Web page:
We have catalogued a few tennis books recently, and have been struck by the changes in the game.
The earliest item I can find in the Tower is Lawn Tennis : its laws and practice, dating from 1877, the year of the first Wimbledon championship. It descrbes tennis as a “manly game, which can hardly be said of croquet”, giving “the greatest amount of exercise in the shortest space of time of any game. As you can see from the illustrations below, the laws of the game and the equipment were very different.
Another early curiosity is this pamphlet by the Oxford mathematician Charles L. Dodgson (better known as Lewis Carroll). He felt it unfair that players could be knocked out of a tournament after just one defeat, and came up with what seems to me to be a fiendishly complicated replacement system. The Dictionary of National Biography states that his system “while complex, is still considered more equitable to players than current practice” – maybe, but only if they were really good at difficult sums.
The Wimbledon authorities got around the possibility of defending champions losing in the first round by giving them a bye to the final. This curious arrangement was only abolished when the All-England club moved to its present home in 1922.
As a fan of Wisden Cricketers’ Almanack, I was interested to find copies of the tennis equivalent – Ayres’ Lawn Tennis Almanack, which ran from 1908-1938. They give a very comprehensive review of the previous season and there is much interesting editorial matter and biographies of players and officials. The edition illustrated here is the 3rd (1910), and contains some familiar themes. The notes by the editor, A. Wallis Myers complain of the dearth of talent in the game, and the problems of playing surfaces around the world, including the “sand and gravel court on the Continent, the rubble court in Scotland, the asphalt court in Australia, the ant-heap court in South Africa, and the wood floor in Sweden.” I can’t find any details of rubble and ant-heap courts – can anyone provide any more information?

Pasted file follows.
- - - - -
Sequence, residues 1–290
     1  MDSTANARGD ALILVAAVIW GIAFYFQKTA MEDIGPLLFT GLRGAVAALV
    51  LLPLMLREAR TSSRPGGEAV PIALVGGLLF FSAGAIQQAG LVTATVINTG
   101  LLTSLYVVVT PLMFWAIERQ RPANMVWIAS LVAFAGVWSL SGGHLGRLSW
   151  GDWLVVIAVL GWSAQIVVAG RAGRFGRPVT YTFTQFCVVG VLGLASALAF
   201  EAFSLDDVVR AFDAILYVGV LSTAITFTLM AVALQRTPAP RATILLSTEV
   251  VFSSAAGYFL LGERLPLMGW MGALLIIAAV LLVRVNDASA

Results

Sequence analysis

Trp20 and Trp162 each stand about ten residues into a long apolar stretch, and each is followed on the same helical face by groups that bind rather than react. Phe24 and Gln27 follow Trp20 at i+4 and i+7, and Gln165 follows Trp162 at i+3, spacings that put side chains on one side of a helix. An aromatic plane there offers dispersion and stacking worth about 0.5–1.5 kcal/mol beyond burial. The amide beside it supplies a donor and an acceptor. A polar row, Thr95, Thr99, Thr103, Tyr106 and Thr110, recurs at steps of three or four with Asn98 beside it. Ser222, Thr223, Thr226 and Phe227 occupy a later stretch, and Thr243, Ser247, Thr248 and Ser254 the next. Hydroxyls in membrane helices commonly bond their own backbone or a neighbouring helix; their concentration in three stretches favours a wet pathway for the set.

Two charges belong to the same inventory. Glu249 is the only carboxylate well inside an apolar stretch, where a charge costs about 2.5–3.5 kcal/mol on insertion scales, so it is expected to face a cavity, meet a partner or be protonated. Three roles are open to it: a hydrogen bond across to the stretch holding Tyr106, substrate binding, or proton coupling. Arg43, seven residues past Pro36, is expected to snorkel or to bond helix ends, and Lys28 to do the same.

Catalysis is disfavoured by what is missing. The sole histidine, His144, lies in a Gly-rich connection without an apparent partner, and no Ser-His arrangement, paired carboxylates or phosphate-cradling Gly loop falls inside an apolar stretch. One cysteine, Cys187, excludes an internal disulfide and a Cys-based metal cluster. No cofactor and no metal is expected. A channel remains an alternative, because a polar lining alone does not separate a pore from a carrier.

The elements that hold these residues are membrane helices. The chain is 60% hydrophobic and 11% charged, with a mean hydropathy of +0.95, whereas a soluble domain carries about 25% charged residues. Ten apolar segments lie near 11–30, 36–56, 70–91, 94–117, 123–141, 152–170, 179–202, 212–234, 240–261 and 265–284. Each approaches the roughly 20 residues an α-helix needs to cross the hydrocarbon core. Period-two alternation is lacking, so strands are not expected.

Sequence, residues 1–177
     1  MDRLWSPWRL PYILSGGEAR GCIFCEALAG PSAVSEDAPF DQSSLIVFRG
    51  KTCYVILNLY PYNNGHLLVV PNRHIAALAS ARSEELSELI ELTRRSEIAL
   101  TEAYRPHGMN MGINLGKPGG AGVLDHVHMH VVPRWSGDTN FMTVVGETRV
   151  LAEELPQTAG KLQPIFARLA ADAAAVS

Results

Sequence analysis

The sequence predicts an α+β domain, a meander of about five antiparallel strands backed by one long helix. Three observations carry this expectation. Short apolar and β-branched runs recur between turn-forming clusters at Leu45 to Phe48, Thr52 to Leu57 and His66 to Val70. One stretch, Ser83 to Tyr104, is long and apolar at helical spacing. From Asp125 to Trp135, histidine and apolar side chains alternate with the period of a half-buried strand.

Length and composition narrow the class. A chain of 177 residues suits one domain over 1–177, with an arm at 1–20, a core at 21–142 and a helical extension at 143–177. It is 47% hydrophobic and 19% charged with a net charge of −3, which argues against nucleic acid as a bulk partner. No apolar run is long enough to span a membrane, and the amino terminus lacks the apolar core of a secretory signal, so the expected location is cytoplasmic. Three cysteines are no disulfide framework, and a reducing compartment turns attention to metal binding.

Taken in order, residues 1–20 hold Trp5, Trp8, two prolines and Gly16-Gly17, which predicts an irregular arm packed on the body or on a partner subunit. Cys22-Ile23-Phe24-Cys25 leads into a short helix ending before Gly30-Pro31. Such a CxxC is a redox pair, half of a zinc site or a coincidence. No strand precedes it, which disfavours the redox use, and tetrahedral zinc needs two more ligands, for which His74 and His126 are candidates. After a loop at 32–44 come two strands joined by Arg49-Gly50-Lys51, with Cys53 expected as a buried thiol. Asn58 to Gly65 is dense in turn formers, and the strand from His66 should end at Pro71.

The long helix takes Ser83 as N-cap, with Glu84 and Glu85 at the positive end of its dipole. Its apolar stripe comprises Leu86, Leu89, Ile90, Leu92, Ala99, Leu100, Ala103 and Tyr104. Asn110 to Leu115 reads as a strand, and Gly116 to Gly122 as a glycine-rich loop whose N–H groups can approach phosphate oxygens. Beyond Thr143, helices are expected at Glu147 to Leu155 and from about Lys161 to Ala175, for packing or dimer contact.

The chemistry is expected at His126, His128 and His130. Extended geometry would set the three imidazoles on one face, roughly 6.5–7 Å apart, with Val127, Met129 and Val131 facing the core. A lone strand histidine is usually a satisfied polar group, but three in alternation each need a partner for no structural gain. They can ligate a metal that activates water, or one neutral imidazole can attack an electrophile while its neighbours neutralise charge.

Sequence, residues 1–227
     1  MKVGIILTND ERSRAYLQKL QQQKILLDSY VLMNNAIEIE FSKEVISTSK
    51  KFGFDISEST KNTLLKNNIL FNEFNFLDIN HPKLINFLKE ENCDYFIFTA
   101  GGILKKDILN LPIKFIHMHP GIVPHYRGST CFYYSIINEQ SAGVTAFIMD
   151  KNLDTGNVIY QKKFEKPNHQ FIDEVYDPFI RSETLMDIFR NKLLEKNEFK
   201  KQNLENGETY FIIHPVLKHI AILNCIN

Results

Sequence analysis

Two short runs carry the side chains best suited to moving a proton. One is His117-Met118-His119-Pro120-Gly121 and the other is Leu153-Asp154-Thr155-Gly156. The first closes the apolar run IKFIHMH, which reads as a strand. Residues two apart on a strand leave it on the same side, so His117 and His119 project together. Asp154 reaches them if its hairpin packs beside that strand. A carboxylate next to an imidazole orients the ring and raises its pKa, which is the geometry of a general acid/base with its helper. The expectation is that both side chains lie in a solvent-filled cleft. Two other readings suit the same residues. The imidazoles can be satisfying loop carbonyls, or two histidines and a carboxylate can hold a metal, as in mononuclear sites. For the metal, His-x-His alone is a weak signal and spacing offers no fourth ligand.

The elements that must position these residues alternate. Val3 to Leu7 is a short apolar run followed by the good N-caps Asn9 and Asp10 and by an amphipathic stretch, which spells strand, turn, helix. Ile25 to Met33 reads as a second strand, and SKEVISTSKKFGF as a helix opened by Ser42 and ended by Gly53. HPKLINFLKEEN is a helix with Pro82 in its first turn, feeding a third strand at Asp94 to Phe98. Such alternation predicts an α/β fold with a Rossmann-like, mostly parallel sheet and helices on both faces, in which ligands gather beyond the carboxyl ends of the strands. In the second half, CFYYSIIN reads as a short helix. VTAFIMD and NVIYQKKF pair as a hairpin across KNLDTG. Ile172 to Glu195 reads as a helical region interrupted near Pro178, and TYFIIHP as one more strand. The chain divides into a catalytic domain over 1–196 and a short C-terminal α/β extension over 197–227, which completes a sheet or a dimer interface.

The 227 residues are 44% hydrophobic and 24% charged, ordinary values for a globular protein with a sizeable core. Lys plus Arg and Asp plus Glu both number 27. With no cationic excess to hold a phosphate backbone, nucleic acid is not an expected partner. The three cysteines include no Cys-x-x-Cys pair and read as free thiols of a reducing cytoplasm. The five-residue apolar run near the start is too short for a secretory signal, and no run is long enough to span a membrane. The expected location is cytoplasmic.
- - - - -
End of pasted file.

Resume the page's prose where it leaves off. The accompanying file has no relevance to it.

The “bijou biographies” give details of seventy leading players and officials, including their home addresses! Many had interesting lives beyond tennis. G.W. Hillyard, won an Olympic Gold Medal at in the Gentleman’s Doubles 1908 (at the age of 44), played first class cricket for Middlesex and the M.C.C., won prizes for golf, swimming and pigeon shooting, was adept at billiards, a good runner with beagles, and a keen motor cyclist – that’s what I call an all-rounder.
The other hardy annual is the weather. It’s hard to believe, but at one time Wimbledon fortnight had a reputation for good weather. This was not the case in 1909, when two blank days in the first week meant that play was extended to a third monday for the first time. Apparently the public “became a little impatient with the delays, and one lady, possibly expressing the opinion of others, was heard to declare that she had never before been to Wimbledon in a mackintosh, and did not intend to break the rule.” Judging by the overcoat that the gentleman below is wearing it must have been pretty chilly.